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China puts rights lawyers, families under house arrest on Human Rights Day

Police in China. (MaxPixel/Released)
December 12, 2020

This article was originally published by Radio Free Asia and is reprinted with permission.

Authorities in the Chinese capital have placed a number of prominent rights lawyers and their families under house arrest on Human Rights Day, RFA has learned.

Beijing-based rights attorney Li Heping had been planning to take his children to school and walk the dog as usual on Wednesday.

Instead, he found a group of uninvited guests in the form of state security police blocking his exit, according to video footage of the encounter sent to RFA.

“So we can’t walk the dog? The kid can’t go to school?” Li’s wife Wang Qiaolong is heard demanding of the police.

Li adds: “So what are you, gangsters, not letting the kids go out of the house, or go to school?”

Almost simultaneously, rights lawyer Wang Quanzhang and his wife Li Wenzu, were facing a similar situation in the corridor outside their Beijing apartment.

“Who are you? What are you doing?” Li asks the police stationed outside her door on Wednesday morning. “What time do you call this? Why are you ringing our doorbell at six o’clock in the morning?”

The family was prevented from leaving after police set a security guard outside the door, not even to take an elderly relative to a hospital appointment.

“A group of them blocked off our front door without showing any credentials or telling us their identities,” Li told RFA. “They are doing this to stop us from going out.”

“After negotiations, they agreed to let Quanzhang take the kid to school,” she said.

“My father wanted me to take him to the hospital to get his test results, but I wasn’t allowed to go out,” she said. “I got angry and cursed them out.”

“This isn’t just a huge inconvenience for us … it also has a psychological impact,” she said.

‘They are in my home’

Meanwhile, officers from the Beijing state security police department forced their way into the home of detained human rights lawyer Yu Wensheng and left two officers to watch his wife Xu Yan in her own home, she told RFA.

“There are two of them in my home and four more in the corridor outside,” she said. “They say I can’t go out on Human Rights Day.”

Xu said the authorities likely expect that the rights lawyers targeted in a nationwide crackdown by the ruling Chinese Communist Party (CCP) since July 2015 could try to meet with officials from the U.S. or the E.U., or take part in events marking Human Rights Day 2020.

“Last year they wouldn’t let me go out after I had gotten downstairs, but this year, they are in my home and outside my door,” she said. “They are basically depriving me of my freedom.”

Meanwhile, authorities in the northern province of Shanxi canceled the pretrial meeting in the case of rights lawyer Hao Jinsong, who faces three charges often used to target peaceful critics of the CCP.

Hao’s lawyer Li Xiongbing said the sudden cancellation could be linked to Human Rights Day, a sensitive date for the CCP.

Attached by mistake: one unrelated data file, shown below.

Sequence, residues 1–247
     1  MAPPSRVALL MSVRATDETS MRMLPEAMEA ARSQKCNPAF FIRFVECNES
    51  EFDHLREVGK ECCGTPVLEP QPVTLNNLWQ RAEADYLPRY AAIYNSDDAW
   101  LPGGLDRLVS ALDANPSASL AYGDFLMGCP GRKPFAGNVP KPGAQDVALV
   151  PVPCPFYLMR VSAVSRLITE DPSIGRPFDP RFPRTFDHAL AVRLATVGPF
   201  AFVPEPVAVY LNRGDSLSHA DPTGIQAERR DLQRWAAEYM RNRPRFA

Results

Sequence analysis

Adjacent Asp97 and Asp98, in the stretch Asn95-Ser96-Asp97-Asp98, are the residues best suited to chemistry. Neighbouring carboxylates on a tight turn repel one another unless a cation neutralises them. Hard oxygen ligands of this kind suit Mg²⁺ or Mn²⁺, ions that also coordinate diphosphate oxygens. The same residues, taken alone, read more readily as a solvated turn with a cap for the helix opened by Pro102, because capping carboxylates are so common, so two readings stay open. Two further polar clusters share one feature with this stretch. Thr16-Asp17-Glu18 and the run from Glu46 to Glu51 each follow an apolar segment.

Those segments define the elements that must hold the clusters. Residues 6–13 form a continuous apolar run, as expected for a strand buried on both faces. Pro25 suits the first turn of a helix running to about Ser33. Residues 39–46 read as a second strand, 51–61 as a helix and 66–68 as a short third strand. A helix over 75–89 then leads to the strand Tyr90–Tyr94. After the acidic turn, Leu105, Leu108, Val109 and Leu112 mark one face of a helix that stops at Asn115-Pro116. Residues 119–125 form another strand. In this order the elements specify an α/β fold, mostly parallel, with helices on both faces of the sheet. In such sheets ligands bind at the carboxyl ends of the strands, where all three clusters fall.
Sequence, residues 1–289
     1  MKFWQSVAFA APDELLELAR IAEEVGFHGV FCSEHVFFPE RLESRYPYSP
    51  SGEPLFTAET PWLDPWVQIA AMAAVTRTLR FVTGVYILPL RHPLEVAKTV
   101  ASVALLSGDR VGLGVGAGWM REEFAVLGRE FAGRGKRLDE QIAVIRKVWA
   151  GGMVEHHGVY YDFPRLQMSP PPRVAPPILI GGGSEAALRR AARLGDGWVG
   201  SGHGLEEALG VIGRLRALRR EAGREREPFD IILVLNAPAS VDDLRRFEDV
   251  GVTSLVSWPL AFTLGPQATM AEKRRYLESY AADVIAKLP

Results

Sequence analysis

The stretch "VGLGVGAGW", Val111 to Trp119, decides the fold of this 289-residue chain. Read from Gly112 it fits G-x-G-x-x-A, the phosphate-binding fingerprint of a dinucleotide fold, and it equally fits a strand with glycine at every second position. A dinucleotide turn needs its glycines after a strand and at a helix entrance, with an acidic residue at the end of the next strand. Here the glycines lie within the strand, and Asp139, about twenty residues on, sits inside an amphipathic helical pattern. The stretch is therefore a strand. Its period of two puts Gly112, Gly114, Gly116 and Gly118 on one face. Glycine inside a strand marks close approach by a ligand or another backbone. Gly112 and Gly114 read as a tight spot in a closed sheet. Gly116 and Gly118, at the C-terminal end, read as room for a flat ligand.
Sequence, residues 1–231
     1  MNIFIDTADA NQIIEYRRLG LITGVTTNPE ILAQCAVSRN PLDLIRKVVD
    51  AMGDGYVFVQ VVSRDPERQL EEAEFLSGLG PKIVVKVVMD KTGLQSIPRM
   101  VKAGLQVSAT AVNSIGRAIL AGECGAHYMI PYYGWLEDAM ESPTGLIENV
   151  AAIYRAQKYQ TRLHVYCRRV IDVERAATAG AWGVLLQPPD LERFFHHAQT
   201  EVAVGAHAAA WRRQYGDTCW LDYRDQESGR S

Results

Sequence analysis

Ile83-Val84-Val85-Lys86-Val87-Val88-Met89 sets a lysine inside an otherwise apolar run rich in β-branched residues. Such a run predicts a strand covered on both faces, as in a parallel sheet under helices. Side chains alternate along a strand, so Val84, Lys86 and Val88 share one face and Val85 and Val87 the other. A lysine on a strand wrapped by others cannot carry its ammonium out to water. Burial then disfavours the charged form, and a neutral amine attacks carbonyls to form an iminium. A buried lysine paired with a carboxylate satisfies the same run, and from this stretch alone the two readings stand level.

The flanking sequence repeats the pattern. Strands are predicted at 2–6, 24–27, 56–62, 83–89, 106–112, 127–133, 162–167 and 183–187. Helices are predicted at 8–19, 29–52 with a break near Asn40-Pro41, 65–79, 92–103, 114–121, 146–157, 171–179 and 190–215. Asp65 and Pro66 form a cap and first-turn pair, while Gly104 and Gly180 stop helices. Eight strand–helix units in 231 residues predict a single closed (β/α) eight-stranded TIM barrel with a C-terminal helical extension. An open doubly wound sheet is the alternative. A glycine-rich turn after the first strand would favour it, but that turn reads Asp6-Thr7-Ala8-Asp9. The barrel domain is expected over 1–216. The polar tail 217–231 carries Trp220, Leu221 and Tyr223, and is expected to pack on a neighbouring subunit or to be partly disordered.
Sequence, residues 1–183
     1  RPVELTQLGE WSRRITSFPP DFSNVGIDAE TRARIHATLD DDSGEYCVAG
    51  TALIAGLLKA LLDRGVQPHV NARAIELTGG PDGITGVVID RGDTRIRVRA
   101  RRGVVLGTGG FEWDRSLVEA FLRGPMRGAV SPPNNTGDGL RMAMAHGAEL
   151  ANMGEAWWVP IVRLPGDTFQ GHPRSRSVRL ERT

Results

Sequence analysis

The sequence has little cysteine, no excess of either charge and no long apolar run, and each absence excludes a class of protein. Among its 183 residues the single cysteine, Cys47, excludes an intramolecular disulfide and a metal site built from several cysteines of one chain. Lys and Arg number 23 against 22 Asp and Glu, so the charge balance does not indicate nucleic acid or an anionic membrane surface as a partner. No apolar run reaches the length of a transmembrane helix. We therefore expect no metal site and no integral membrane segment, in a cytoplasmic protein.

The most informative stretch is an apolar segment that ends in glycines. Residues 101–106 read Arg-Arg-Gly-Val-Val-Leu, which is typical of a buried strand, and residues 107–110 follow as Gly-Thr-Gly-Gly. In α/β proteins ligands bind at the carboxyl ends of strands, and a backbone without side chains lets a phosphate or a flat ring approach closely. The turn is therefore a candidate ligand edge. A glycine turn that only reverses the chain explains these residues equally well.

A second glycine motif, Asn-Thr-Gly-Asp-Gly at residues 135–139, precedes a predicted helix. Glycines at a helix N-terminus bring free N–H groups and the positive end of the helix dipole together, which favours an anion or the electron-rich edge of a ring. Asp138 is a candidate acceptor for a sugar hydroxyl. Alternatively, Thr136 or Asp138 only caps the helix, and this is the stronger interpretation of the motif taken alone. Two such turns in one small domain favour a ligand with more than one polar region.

“There will be no … pre-trial meeting, which was originally scheduled for today,” Li said. “I guess it is because of Human Rights Day.”

Fellow defense attorney Lin Qilei said Hao currently faces charges of “picking quarrels and stirring up trouble,” “defamation,” and “fraud,” none of which should stand up in court, but which would likely lead to sentencing under China’s judicial system.

An employee who answered the phone at the Dingxiang County People’s Court declined to comment on the case, saying they had nothing to do with it.

Citizen journalists suppressed

The overseas-based Chinese Human Rights Defenders’ (CHRD) network said the world should use Human Rights Day to call the CCP and general secretary Xi Jinping to account for their suppression of citizen journalism and dissenting views of the government’s handling of the coronavirus pandemic, which emerged in the central Chinese city of Wuhan in December 2019.

The group said the pandemic was the biggest human rights crisis of 2020, and that Beijing had “suppress[ed] crucial information that the virus was spreading through human-to-human transmission and not registering cases, thus allowing the virus to spread throughout China and the globe.”

“As people started dying from the new virus and in desperate need of information, Chinese authorities swiftly began muzzling independent reporting, ramping up censorship, and detaining and punishing doctors, activists, writers, and ordinary people who spoke out about the truth on the ground at the time,” CHRD said in a statement on its website.

“There has been no credible independent investigation into the cause of the outbreak and we likely don’t even know the true number of deaths or confirmed case of COVID-19 in China,” the CHRD said.

“Instead of valuing human life above all else … the [CCP] has gone after the victims of the pandemic in Wuhan and Hubei,” the group said in a statement signed by director Frances Eve.

Bereaved families and their lawyers trying to file claims for compensation against the government for suppressing vital public health information have faced threats and harassment from national security police, Eve wrote.